Two Unrecorded Tokens from Pennywell Colliery
Pennywell Colliery was situated on Pennywell Lane (later Pennywell Road), St.Jude’s, Bristol (ST602740). It was opened around 1854 (a map of that year labelling the site as “coal works” but showing no further graphic detail) and it passed through the hands of several owners; 1854 Chick, Keeling & Co., 1865 Chick, Brown & Co., 1866 Thos. Brown, 1868 Brown and Harris, 1874 G.W. Harris, 1877 Pennywell Colliery Co. (Chubb & Waring), 1884 Alexander Synge, 1886 Easton Coal Company (Leonard Boult and Co), 1890 Bristol United Collieries. These dates draw on specific ownership references, not necessarily the dates on which ownership of the colliery changed hands. It has been stated that coal extraction ceased around the latter date, but Pennywell was not immediately closed down. It still appears on a map of 1900, and would appear to have finally been closed down shortly after that date.
George Chick sought permission to build many cottages locally around 1856, suggesting the need to house a growing workforce as the colliery was initially developed. The main shaft was eventually sunk to around 950 feet, to enable coal getting from the Kingswood Great seam at 280 ft., Kingswood Little seam at 396 ft. and Easton Red Ash at 945 ft. Detailed records for the Bristol coalfield at this time are very scant and nothing is now known of recorded output or workforce (but from comparisons elsewhere, the latter is unlikely to have been more than, say, 200-300). Two tokens are known for this colliery.
This token is brass, 37.5mm, and would have been the token (“tally” or “check”) carried by a miner underground. The number 4 stamped on the reverse would have been his unique employee number, and possibly used for distributing pay. The ugly hole is probably the result of the check being riveted to a strap so that it could then be worn within his belt.
Such checks were only used sporadically around Great Britain before 1913, and are not often found for the Bristol and Somerset coalfields. In 1913 a new Coal Mines Act required that by law all miners should carry such a check as part of an improved safety system, whereby the colliery kept a record above ground about where each miner was deployed underground. This followed many decades of major underground disasters (accidents, roof collapses, fire, explosions, flood, gas) when rescue efforts were hampered by the rescuers often not knowing who/how many/where the underground victims might be.
(These two images by courtesy of Dix, Noonan, Webb)
The size of the second token is the same as that of the first, above, and the obverse is from the same die. However, the reverse and the lack of piercing point to a different use.
The reference to “COLLIERS 3 CWT COAL” might suggest that this check was used to claim/record payment for coal extracted – this is a fairly frequent and long standing use of coal tokens elsewhere in Britain, and the practice always was for the owners to pay only for output, not according to a system of fixed wages. However, 3cwt is a modest amount of coal extracted. It might correspond to the contents of a tub or wagon, but coal was not weighed for payment until it had been sifted for quality and size above ground (“smalls” and “slack” were not included in weight for payment purposes). Furthermore, local accounts invariably refer to miners being paid by the ton extracted, in which case producing tokens for 3cwt would seem inadequate. A possible alternative comes to mind when reading “City Pit” by Fred Moss, a Bristol miner in the early C20. Fred Moss recalled that at Speedwell Pit in 1917 married miners were given an allowance of 3 cwt of free coal to last them through the winter. This, then, may have been a more likely use of the check, which again bears the individual miner’s number (27) and would have been handed over in return for the delivery of his coal allowance.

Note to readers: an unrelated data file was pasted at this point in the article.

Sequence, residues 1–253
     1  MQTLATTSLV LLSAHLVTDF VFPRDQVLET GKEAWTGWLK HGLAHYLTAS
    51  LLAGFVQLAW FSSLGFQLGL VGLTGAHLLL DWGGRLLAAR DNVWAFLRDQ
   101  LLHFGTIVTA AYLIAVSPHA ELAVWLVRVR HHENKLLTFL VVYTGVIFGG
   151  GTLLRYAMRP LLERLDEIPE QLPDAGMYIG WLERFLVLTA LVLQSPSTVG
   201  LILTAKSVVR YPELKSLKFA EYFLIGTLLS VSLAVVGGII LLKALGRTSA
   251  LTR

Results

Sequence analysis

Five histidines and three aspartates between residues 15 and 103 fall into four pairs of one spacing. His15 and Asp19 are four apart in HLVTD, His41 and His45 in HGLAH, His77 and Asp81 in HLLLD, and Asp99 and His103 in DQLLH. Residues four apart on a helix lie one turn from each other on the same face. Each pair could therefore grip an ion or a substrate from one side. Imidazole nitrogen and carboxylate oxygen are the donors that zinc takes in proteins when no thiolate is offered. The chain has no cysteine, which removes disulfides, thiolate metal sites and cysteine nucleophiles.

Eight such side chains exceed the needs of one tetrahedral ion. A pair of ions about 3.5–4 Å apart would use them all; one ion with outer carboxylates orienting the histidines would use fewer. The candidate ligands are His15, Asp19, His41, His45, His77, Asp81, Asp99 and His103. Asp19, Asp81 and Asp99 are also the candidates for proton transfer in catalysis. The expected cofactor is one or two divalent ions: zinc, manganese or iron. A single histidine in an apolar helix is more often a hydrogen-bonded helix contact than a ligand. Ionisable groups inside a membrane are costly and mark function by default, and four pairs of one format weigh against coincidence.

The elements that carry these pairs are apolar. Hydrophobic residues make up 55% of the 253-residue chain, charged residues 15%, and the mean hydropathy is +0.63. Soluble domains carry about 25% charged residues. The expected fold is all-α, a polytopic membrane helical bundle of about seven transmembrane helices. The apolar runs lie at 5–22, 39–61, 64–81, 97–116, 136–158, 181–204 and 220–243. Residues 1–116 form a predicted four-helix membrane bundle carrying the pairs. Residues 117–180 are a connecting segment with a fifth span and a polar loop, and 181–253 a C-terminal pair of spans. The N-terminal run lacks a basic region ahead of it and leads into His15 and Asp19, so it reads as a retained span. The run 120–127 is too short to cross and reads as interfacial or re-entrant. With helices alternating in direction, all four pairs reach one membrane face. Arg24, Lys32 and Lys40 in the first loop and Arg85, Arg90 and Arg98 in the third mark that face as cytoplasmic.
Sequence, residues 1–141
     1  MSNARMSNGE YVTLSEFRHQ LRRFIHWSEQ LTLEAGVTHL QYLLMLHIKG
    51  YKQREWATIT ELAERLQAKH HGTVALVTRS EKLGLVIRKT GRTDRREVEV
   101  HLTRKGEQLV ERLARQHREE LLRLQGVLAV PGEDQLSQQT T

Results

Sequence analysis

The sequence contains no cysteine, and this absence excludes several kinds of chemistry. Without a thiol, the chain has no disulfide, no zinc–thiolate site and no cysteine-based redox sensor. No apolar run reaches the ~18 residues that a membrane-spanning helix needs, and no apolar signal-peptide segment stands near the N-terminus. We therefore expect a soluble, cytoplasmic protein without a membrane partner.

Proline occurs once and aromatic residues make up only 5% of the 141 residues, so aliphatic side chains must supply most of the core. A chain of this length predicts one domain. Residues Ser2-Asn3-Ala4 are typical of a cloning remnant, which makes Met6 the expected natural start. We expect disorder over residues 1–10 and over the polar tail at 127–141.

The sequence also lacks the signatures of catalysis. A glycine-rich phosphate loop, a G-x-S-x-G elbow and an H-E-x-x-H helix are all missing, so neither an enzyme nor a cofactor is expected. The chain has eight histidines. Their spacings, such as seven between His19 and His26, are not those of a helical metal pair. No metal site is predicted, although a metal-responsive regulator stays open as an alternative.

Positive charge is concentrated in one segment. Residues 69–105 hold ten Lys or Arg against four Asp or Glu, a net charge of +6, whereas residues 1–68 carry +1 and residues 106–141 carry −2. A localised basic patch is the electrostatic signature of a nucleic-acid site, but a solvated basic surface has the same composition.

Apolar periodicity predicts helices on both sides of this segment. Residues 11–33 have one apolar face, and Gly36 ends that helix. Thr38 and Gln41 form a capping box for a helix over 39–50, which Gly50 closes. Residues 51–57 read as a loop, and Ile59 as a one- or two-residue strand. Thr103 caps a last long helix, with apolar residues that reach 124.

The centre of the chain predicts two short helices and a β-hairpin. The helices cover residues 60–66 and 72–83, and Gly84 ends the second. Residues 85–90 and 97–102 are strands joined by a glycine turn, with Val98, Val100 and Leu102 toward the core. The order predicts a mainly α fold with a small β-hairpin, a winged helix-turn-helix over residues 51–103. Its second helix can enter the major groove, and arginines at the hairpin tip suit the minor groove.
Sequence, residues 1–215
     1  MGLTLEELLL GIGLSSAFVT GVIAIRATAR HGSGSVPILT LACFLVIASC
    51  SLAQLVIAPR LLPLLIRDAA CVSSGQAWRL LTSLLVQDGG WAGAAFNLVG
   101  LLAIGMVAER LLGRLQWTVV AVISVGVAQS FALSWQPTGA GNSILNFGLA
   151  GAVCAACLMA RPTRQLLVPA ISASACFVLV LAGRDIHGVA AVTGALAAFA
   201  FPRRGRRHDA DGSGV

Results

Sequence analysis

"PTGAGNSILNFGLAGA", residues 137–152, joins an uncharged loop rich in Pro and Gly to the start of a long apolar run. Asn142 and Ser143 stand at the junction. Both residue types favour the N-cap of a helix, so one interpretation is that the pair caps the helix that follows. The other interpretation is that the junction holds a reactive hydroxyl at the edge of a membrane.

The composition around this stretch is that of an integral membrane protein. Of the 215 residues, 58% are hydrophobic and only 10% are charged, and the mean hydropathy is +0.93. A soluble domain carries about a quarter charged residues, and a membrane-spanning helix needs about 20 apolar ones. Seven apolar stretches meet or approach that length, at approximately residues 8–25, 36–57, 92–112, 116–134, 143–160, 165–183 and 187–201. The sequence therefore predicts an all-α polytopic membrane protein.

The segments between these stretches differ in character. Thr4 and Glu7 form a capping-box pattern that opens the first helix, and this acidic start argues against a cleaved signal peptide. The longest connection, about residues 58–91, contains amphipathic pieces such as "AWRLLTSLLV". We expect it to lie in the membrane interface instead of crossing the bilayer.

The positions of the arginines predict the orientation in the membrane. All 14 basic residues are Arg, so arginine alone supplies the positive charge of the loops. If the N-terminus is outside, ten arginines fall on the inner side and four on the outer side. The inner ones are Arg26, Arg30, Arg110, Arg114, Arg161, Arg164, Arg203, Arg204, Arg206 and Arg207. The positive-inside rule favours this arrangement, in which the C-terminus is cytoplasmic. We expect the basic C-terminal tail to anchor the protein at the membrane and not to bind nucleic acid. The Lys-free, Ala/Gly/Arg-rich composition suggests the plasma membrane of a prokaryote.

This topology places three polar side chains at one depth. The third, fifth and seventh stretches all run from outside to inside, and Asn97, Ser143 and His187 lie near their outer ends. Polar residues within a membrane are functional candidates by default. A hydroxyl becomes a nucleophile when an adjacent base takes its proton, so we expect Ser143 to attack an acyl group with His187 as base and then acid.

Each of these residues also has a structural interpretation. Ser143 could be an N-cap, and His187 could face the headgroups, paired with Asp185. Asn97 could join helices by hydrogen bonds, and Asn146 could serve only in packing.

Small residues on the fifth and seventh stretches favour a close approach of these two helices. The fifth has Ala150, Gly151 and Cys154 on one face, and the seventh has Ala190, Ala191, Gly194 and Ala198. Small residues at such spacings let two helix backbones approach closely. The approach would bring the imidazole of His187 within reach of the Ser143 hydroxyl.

Any other ideas (or better still, evidence) on the use of this check would be welcome.
Finally, we have the issue of dating the checks. I am indebted to my colleague, Adrian Derrick, who eventually identified the initials on the monogram as those of Alexander Hamilton Synge. This was not immediately obvious, as Synge’s name does not appear in any of the several books written about the Bristol coalfield, but in depth investigation identified him as the owner of Pennywell in HM Mines Inspection list for 1884. Synge appears to have been a colourful character, whose family were wealthy land owners in Ireland, but also lived at some point in Clifton and he himself later moved to Shirehampton. Synge acquired Pennywell at some point after 1881 but was declared bankrupt at Bristol County Court in 1885, around which time he surrendered control of the colliery. His lawyer explained to the bankruptcy court that Mr Synge “had spent an enormous capital in endeavouring to develop a colliery property in the city”.
This enables us to establish outer dates of around 1881-1885 for the use of these interesting and unusual tokens.
We would be interested to hear of any similar tokens, from Pennywell or other local collieries.
(mike [at] bathandbristol-ns.org.uk).